When there’s a great deal of uncertainty – financially, relationally, raising three toddlers and a prodigal teen (or, as we call it “2013”) – I, in the flesh, have spent much energy trying to manage outcomes, maintain peace, juggle other peoples’ troubles, and tie up loose ends that aren’t mine to tie up. By the grace of God, I’m in discipleship ministry, which means for I living, I’m required to pastor and counsel other men to “trust God” and “live by the Spirit”. It’s hard to tell another guy “the Bible says we need to abide in Christ and deny ourselves” and then face the fact that I just failed to do the same 2 days or even 20 minutes ago. It’s a great set of checks and balances God has “installed” in my life to stop me in my tracks when I’m trying to manage outcomes. Praise God.
Last week, my bride and I got more than a little “sideways” with each other. It was a tense 48 hours where I know, have counseled other men, and have been counseled myself to leave her alone to “let her process what’s eating” her rather than suit up in my Home Depot apron and try to fix her every problem… Most guys naturally lean away from grace and into performance in this situation anyway. How about you?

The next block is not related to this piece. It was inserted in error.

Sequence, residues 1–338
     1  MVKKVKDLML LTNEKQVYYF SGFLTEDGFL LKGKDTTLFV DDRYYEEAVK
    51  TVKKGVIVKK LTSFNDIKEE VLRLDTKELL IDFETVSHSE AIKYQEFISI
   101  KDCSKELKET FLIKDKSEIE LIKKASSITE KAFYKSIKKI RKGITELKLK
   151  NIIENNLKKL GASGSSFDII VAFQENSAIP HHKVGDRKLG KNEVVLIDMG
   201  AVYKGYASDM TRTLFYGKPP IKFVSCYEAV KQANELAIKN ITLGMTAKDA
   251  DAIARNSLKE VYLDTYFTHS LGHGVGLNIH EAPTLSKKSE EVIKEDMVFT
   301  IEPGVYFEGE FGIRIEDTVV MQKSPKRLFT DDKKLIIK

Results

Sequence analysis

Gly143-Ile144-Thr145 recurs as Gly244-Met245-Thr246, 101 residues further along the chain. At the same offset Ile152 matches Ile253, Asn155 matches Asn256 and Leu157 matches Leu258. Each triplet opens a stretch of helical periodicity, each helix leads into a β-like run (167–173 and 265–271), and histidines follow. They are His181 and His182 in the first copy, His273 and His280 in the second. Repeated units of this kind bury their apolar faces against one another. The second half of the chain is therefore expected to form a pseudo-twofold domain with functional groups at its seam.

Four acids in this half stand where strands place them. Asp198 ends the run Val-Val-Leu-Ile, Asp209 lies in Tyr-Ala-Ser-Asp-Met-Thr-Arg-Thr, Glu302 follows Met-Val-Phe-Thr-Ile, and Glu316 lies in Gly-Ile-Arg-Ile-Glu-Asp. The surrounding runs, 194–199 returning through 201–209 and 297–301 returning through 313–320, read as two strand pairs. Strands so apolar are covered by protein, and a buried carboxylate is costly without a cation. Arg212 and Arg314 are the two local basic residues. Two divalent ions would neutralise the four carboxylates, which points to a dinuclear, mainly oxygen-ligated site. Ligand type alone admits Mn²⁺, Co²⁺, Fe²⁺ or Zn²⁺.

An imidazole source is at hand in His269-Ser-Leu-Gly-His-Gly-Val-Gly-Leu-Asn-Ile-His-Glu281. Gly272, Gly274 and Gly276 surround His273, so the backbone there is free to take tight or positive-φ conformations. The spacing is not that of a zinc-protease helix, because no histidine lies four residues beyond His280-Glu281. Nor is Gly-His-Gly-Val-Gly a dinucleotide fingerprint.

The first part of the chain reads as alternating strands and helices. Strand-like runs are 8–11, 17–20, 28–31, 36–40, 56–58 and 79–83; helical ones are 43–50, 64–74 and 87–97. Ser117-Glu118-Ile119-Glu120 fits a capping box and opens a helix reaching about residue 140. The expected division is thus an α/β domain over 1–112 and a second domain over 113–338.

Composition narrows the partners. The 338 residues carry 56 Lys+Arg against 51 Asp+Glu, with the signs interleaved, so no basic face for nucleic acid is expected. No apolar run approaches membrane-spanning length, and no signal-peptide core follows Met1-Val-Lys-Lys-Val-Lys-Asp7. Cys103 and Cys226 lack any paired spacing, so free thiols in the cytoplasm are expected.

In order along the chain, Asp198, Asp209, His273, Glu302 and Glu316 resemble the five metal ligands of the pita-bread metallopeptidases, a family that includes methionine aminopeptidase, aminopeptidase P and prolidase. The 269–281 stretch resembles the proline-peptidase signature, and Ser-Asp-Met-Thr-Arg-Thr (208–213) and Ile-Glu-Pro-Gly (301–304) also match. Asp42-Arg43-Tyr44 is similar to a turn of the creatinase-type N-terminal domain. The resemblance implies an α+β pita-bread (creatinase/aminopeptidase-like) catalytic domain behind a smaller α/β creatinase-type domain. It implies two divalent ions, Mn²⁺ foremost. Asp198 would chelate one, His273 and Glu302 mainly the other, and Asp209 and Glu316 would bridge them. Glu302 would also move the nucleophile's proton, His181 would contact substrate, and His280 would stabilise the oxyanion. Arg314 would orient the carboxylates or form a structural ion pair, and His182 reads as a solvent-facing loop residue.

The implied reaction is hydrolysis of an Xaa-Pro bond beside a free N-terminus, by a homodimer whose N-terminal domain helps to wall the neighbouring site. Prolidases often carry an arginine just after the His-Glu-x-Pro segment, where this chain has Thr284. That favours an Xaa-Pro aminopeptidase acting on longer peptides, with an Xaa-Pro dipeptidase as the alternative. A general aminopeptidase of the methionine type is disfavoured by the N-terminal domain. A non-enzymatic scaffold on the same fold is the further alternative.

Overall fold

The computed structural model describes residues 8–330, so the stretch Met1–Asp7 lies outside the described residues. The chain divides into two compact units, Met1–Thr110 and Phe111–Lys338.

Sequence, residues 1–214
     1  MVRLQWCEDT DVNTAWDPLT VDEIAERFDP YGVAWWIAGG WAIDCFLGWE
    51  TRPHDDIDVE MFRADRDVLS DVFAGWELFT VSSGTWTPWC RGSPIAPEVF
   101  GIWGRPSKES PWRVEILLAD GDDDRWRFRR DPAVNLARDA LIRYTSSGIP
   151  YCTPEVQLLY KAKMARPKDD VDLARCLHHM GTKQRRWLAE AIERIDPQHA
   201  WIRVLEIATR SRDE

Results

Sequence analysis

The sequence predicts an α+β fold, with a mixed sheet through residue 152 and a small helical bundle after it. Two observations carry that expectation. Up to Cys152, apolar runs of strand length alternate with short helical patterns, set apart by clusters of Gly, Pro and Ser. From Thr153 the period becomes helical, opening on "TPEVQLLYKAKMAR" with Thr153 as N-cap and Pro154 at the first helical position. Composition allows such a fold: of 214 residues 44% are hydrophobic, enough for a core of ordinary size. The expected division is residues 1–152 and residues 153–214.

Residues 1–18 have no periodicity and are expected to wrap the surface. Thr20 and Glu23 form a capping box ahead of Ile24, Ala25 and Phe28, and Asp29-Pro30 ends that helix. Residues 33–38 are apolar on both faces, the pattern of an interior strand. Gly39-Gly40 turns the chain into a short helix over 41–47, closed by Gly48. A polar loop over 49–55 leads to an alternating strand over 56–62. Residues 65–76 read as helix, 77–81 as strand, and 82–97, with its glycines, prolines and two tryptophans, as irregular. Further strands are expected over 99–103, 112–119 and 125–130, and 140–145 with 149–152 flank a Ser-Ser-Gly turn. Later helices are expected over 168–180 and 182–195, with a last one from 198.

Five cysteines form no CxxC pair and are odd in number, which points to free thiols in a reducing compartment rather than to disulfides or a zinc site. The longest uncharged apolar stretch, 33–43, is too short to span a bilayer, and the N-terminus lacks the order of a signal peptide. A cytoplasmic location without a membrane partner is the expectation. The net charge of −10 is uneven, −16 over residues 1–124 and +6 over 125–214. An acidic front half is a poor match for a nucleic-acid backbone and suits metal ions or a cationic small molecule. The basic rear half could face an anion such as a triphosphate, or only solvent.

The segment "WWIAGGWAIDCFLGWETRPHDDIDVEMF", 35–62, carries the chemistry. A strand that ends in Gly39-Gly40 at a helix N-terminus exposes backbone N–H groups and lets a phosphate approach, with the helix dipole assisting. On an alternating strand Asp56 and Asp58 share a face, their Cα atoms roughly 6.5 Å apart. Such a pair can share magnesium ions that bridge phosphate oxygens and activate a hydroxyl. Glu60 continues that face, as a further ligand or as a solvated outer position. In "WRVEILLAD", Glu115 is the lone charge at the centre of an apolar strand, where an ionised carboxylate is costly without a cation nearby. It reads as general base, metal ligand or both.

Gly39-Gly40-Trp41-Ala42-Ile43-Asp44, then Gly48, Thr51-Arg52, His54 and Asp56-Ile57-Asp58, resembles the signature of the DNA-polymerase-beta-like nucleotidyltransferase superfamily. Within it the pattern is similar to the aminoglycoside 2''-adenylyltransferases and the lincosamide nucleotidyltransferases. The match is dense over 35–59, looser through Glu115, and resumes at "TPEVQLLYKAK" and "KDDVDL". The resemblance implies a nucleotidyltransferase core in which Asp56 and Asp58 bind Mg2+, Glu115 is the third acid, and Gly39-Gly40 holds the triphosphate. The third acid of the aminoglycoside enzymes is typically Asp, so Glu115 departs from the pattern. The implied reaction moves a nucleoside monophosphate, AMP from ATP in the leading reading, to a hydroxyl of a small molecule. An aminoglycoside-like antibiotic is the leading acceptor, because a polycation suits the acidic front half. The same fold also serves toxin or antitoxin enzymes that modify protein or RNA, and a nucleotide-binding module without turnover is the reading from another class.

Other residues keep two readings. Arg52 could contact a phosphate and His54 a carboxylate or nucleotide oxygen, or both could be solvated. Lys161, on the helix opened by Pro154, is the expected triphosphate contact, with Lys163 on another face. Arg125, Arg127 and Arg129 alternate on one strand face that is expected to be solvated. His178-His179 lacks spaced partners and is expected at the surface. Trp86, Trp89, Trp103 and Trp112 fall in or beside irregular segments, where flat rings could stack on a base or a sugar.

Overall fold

Instead of taking advantage of multiple opportunities to give her some space, I got “manly” and repeatedly poked my head in and see how she was doing and offer up some unsolicited advice… Bad idea. Especially if you don’t like getting your fingers bitten. Worse if you’re poking a turtle and thinking you’ll get it to come out of its shell sooner. At one point, I finally obeyed God and sat down to dig through the Word for some peace and counsel.
Thus Sayeth the Lord?
“Acts 3”. I heard the Lord prompting me there. Knowing that chapter pretty well, I resisted thinking – “that’s about Peter and John and boldly sharing your faith despite the consequences… That has nothing to do with what I’m going through right now.” Certain I had rebuked the voice of Satan, I reluctantly read the story of how the two disciples had come across a crippled guy begging for money. Instead of cash, they gave him a miracle, which landed them in the pokey overnight.